Landry Fields has become a forgotten player on the Toronto Raptors. Another one of former GM Bryan Colangelo’s forgettable free agent signings, Fields was injured most of last season and required follow up treatment for the same nerve issue in his arm this year, however, he’s been back and available for some time and with the Raptors in funk, Head Coach Dwane Casey should be looking to free up some playing time for this versatile wing/forward.
The things that have set Fields back were never his fault. The undiagnosed nerve problem was pretty strange and its recurrence this season unexpected. The bad press from the value of his contract should be hung around Colangelo’s neck, it’s hard to blame Fields for taking the money. Through it all, Fields has remained professional and willing to do whatever is asked of him.
“It’s tough,” Fields said. “In the end everybody is a competitor and you want to go out there and produce for your team as best you can, but right now, it’s just not my role and a lot of guys can sit and make a pity party out of it – and I’m not saying that I’m not guilty of that at times because I’m only human – but, you really have to embrace whatever role you get. Whether you like it or not, you have to maintain your professionalism because whether you are playing or not, the guys upstairs are still paying you and still expecting stuff out of you. You still have something to contribute to the team whether you are playing or not.”
Fields got one start early in March while Terrence Ross sat out with a sore ankle and in 25 minutes, he shot 4-5 for 8 points to go with 6 rebounds as the Raptors beat the Warriors 104-98. Somehow without playing significant minutes since December 10, Fields was ready to contribute.
“The guys who are not getting a lot of minutes are always playing, 2-on-2, 3-on-3 and that keeps us in the best kind of game shape we can replicate outside of playing 5-on-5 and we do that on a very consistent basis, so while we are not playing (in games), we still are technically playing,” Fields said. “The assistant coaches get with us and put it into a structured format. We usually do it before games, before and after practice. In the position we are in, we have a responsibility and that is what it is all about, maintaining your professionalism.”
After what Fields has been through since arriving in Toronto, if anyone has a right to throw themselves a ‘pity party’ it’s him, but Fields never gives off that vibe. Even knowing it’s unlikely that he’ll get put into a game, he’s been staying ready.
“You never know who is going to get into foul trouble and you never know who will go down with injury, so you always have to be ready even if you think you are going to play or you’re not,” Fields said. “You never know what is going to happen out there. You don’t want to be caught off guard.”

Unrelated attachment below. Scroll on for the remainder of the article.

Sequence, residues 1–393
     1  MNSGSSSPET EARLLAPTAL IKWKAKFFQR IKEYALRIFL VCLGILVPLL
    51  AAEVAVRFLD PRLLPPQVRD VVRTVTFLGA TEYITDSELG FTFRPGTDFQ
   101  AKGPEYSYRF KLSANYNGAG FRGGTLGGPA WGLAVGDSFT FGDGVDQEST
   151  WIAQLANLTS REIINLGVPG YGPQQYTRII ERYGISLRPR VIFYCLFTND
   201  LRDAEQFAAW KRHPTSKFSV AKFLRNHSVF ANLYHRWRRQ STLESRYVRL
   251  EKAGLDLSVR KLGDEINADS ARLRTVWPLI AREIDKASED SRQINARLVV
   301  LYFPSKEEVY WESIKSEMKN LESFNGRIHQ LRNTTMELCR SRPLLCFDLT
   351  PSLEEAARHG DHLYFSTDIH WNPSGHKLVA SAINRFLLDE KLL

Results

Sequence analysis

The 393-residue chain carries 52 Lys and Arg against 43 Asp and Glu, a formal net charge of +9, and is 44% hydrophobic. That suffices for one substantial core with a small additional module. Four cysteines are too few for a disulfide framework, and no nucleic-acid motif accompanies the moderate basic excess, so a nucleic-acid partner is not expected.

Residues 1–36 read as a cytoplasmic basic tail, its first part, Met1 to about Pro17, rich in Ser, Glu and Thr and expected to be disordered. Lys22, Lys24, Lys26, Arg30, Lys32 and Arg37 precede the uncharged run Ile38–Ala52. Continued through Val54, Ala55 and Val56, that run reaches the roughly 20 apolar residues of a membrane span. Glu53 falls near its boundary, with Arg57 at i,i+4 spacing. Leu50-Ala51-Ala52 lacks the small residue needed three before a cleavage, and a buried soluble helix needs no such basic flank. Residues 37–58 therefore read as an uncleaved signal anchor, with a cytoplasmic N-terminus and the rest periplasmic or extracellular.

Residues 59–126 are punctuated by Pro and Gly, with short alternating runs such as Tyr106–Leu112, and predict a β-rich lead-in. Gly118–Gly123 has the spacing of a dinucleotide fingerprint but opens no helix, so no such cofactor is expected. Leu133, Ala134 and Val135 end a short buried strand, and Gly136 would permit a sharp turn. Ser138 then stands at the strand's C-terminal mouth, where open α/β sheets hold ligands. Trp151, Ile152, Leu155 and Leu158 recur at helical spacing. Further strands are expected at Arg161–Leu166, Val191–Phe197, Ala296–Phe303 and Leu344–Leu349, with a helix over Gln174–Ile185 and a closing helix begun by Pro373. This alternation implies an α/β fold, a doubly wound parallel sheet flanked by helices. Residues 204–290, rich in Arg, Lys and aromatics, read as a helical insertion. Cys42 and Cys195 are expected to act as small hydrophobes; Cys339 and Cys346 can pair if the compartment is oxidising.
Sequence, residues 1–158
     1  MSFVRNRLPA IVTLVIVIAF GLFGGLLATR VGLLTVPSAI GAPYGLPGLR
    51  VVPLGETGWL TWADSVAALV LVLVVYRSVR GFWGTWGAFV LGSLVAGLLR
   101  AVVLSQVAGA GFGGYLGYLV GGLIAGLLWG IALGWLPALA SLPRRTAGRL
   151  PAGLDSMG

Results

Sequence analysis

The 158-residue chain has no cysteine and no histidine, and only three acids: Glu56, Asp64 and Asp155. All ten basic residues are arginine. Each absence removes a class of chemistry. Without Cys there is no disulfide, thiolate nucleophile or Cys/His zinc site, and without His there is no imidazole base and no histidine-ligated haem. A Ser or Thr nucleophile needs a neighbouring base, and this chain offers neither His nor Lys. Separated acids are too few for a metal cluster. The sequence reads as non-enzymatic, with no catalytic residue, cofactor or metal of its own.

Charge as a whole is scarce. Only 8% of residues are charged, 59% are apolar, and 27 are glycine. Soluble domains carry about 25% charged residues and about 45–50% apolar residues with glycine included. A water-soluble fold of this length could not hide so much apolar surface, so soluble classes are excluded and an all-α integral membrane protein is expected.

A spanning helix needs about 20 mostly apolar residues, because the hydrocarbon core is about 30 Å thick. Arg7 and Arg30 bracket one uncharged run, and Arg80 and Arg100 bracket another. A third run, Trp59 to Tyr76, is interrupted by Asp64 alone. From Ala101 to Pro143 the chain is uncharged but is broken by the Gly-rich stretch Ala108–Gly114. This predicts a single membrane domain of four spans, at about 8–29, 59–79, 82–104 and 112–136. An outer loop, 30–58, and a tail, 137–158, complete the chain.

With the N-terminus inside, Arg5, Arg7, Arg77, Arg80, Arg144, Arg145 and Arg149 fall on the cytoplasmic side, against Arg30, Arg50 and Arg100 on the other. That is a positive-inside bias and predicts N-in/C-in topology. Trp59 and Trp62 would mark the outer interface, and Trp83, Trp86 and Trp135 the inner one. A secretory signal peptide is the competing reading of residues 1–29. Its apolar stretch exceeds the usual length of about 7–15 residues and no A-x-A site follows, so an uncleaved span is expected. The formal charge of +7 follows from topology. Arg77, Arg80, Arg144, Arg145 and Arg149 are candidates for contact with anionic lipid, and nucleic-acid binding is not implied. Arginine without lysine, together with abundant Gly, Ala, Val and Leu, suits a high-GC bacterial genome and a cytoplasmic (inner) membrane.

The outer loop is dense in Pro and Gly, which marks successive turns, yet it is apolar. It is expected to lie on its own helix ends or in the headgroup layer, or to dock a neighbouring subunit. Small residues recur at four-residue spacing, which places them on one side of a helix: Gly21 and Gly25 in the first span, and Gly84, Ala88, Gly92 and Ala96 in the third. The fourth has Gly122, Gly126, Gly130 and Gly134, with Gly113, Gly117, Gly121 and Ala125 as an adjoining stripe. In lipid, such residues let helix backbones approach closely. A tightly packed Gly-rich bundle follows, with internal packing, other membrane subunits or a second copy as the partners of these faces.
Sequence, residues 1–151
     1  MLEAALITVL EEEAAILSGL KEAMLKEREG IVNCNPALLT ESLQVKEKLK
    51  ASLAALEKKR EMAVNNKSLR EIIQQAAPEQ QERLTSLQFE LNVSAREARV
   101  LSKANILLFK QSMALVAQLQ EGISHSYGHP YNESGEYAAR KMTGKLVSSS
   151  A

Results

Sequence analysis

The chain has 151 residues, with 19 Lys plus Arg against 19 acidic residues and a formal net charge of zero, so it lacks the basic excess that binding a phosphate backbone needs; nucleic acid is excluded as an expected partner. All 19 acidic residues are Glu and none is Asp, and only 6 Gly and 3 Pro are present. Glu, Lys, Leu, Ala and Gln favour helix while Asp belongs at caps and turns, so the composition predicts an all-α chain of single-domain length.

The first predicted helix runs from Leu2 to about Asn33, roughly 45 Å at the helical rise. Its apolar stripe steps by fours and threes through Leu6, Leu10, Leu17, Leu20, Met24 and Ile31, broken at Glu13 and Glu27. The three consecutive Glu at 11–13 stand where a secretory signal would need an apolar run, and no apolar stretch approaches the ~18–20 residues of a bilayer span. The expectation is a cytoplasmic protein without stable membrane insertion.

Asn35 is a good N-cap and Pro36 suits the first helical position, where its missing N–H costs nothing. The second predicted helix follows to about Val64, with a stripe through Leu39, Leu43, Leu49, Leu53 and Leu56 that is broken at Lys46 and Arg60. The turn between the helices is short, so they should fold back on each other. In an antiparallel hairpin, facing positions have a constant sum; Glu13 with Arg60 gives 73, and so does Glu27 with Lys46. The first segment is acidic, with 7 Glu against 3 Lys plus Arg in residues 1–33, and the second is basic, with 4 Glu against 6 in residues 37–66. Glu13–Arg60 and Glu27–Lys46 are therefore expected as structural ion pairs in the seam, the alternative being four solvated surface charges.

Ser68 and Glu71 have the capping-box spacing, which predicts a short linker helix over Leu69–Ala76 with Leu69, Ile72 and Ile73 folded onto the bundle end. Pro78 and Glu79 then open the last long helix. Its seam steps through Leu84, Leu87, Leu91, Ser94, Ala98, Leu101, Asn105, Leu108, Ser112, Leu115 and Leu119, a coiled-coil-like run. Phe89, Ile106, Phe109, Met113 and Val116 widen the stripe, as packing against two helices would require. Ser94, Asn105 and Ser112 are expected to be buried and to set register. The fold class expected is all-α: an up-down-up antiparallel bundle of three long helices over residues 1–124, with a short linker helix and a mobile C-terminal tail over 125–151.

While this season is still all about developing Terrence Ross and Jonas Valanciunas and Casey is making obvious moves to evaluate what Nando De Colo might be able to bring to the Raptors, the team is in a playoff race and has a chance to win the Atlantic Division for just the second time in the franchise’s history. If Ross struggles and the 34-year-old John Salmons needs some time off (and it sure looks like he needs a break), it’s time to free Fields and give him a shot.
Casey probably feels he already knows what Fields can bring to the game and doesn’t need to evaluate him further, Fields will play solid defense on 2s, 3s and some 4s, hustle for rebounds and make hard cuts to the basket. In recent loses, those are attributes the Raptors could have used.
Just like several other members of this team, Fields has shown a level of professionalism that warrants some playing time. He could help the Raptors get out of this funk.
Tyler Hansbrough Provides Raptors Playoff Toughness
“That’s how the playoffs are,” Hansbrough said. “It’s a slugfest, its physical grind it out tough basketball. You can’t look for a whistle. We need every game we can (get).”
A Toronto Raptors Road Record Is In Sight
The table is set for Casey and the Raptors to have a winning record on the road. Toronto did their heavy lifting earlier in the season and has one of the softest road schedules possible left, starting on Tuesday night in Cleveland against the 27-44 Cavaliers. In their 7 road games remaining, only the Miami HEAT has a winning record as of March 24. Boston (23-47), Orlando (19-52), Milwaukee (13-58), Detroit (26-44) and the Knicks (29-41) should all be considered winnable games for the 39-30 Raptors.